PLUNKETT has joined other organisations in calling for the government to take account of rural needs as it implements measures to control the spread of the coronavius.

In a letter to George Eustice, Secretary of State for Environment, Food and Rural Affairs, Plunkett has joined forces with Rural Services Network (RSN), the Rural Coalition and Action with Communities in Rural England (ACRE) in urging the government to consider the unique needs and challenges faced by rural communities and businesses at this time.

Among a string of major concerns, the organisations highlight the risks to small rural towns and villages and the struggle faced by independent traders – who face losing staff. In the wide-ranging letter they warn about the impact on businesses through the widespread cancellation of festivals and events, the loss of income from tourists, and the inability to work from home for people working on the land.

The situation for community businesses, including many shops and pubs, is also highlighted. The signatories point out that these businesses “are run on very low margins” and are particularly vulnerable to fluctuations in trade. Many are also dependent on voluntary labour, they warn.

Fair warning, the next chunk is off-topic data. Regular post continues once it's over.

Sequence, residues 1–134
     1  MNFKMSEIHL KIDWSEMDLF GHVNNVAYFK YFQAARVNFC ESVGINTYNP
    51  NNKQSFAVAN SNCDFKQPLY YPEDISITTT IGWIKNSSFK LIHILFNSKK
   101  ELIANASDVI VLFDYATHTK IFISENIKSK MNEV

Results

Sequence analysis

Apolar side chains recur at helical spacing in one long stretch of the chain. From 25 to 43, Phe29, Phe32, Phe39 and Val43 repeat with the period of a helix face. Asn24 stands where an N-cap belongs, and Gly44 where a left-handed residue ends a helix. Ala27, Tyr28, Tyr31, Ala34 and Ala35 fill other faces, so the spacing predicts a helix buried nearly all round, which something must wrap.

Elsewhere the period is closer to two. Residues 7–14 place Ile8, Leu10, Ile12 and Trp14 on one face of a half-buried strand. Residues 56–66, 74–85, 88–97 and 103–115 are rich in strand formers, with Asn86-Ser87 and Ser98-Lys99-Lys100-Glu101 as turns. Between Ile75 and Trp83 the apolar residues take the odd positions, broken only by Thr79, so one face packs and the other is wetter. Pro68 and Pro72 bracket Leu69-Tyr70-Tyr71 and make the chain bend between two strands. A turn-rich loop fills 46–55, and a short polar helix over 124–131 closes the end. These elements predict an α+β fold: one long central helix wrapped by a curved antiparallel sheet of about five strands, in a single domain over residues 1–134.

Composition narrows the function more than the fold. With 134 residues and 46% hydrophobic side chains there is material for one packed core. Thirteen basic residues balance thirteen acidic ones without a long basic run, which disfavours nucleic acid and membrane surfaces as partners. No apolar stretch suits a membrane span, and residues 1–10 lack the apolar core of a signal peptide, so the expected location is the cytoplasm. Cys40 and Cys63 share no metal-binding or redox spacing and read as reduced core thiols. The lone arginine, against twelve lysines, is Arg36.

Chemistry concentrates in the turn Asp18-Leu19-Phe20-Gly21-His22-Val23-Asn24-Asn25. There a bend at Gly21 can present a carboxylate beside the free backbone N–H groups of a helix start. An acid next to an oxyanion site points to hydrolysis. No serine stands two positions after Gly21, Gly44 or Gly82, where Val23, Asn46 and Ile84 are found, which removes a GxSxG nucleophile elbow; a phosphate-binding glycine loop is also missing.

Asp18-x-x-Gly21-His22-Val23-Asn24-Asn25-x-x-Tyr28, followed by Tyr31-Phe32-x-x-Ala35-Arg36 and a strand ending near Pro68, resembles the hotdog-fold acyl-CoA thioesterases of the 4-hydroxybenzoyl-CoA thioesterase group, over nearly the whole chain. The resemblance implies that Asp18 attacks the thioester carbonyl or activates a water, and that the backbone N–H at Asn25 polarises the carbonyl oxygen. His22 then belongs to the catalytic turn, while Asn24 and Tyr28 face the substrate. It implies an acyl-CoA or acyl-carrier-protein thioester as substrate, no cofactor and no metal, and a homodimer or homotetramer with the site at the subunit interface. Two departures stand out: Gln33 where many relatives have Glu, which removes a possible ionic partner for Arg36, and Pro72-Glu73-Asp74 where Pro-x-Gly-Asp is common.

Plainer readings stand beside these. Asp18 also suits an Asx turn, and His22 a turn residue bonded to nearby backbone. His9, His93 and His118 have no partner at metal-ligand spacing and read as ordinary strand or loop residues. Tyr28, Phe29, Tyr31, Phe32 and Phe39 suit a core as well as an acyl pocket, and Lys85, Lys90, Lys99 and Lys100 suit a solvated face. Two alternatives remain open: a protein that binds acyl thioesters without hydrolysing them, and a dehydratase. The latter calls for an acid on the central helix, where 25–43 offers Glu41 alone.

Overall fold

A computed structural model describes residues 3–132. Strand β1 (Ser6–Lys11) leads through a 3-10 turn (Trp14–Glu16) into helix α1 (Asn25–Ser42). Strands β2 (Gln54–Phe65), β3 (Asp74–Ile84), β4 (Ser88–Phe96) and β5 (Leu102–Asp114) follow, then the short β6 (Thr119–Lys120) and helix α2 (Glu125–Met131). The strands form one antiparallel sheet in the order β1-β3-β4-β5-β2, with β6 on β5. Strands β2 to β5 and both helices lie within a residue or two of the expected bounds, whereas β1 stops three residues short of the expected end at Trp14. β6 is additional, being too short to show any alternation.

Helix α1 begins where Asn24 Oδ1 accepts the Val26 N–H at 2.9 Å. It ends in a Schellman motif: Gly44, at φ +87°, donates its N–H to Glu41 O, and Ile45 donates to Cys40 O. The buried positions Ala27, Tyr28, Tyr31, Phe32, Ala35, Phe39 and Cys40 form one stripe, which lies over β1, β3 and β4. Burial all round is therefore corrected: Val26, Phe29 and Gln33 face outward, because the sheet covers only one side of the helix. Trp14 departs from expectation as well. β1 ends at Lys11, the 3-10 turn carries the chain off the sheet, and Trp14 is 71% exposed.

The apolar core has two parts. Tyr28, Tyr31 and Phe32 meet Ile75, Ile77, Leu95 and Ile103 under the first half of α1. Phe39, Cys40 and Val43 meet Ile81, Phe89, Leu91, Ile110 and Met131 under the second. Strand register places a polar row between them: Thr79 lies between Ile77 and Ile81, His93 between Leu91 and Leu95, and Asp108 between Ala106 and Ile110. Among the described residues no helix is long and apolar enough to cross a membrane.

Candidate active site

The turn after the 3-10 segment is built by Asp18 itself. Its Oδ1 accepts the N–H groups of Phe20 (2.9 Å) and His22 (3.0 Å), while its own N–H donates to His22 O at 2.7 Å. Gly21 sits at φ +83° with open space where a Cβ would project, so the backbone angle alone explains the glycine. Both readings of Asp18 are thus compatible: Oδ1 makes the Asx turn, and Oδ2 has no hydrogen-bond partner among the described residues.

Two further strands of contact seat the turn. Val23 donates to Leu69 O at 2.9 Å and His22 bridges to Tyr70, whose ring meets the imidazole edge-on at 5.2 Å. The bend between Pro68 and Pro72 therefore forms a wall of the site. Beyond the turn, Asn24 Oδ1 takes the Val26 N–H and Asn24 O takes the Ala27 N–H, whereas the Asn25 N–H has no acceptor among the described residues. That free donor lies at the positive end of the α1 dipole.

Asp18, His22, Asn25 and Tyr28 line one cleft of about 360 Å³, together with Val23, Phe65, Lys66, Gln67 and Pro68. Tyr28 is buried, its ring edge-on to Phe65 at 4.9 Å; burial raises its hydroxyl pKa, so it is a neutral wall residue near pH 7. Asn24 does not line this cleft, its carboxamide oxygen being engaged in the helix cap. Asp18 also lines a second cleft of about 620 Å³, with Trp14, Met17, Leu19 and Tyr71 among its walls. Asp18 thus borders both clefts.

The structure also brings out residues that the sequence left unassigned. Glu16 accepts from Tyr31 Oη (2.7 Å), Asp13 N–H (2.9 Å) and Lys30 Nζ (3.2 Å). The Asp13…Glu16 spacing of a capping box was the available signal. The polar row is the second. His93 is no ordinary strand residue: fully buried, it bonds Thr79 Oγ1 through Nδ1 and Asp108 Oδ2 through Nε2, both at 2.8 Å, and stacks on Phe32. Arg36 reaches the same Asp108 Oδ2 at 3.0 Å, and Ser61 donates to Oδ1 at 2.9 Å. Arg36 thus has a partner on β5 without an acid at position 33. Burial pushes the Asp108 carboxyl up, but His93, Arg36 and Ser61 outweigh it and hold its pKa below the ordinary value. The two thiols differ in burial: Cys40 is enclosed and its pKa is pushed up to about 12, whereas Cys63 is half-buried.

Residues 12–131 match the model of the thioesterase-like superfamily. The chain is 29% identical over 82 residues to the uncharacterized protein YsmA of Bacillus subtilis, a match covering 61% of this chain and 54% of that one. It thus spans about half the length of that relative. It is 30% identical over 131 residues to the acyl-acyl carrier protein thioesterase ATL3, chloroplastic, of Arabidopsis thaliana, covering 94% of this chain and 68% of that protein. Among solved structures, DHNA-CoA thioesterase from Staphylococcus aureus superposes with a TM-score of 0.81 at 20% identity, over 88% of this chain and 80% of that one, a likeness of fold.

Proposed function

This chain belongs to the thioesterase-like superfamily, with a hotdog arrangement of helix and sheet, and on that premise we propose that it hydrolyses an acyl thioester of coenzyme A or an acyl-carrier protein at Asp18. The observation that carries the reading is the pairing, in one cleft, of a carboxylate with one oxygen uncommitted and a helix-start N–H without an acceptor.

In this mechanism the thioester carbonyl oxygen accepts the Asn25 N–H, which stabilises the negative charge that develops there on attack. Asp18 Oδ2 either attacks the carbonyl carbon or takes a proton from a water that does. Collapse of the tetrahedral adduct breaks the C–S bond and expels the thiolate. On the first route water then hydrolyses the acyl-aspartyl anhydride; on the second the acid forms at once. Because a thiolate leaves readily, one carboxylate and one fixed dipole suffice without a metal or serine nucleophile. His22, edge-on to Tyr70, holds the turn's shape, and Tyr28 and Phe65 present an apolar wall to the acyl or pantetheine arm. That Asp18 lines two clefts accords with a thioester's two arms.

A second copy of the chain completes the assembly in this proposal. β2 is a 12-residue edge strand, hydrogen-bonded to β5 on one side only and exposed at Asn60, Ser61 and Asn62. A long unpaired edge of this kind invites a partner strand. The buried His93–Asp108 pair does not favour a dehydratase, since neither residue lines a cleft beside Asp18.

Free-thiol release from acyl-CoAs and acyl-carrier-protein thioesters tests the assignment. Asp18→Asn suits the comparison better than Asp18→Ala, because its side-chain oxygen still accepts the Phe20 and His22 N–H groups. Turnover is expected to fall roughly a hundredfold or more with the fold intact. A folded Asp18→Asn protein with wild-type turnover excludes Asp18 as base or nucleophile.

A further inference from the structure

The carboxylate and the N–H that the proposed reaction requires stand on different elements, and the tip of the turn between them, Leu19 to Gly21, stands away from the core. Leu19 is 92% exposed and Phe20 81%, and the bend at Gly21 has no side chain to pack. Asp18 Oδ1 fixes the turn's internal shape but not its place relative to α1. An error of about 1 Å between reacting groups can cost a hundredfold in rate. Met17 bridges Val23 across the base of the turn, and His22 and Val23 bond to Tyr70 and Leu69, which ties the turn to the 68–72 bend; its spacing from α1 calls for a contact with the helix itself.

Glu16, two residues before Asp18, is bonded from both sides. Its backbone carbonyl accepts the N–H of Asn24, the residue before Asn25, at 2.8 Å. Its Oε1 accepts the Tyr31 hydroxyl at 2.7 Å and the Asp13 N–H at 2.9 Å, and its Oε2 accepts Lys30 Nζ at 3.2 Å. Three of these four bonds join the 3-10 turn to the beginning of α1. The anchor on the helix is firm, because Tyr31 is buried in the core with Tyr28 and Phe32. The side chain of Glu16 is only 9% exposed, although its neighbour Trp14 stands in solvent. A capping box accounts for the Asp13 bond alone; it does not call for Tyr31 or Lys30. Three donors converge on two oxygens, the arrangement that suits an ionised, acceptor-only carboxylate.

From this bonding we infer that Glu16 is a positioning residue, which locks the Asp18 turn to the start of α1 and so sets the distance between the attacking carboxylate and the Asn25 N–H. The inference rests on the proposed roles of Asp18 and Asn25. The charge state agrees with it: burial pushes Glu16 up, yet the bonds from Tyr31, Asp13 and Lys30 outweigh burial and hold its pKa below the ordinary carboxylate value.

And of particular concern is the impact on rural organisations of the stringent self-isolation of the over 70s.

The organisations write:

“The advice concerning the self-isolation of the over 70s, whilst understandable, will have a severe impact on rural community organisations. They are the backbone of rural networks and volunteering.”

“Many rural elderly live some distance from their families and are dependent on local support. It is essential that statutory and voluntary run care services for the elderly and vulnerable people are maintained.”

Another area highlighted to the government is the future of village shops and pubs.

“The former might do quite well as people shop more locally. But they will be vulnerable to the risk of getting the virus themselves, potentially cutting off a local lifeline.”

The emerging issue of supplier prioritising is also a key concern. There are signs that suppliers are prioritising larger retailers at the expense of small village shops and other outlets. They call for action to avoid this becoming a greater issue, leading to the closure of rural shops which “will have a severe effect on the village community,” they warn.

The organisations point out the many innovative schemes which have emerged around the country since the challenge of the virus hit. They call upon the government to consider “some financial support” in the future to both share the good practice and enable similar schemes to be started elsewhere.

The letter was sent to the government before the Prime Minister’s latest guidance that people should remain indoors, only leaving for vital shopping and exercise once a day.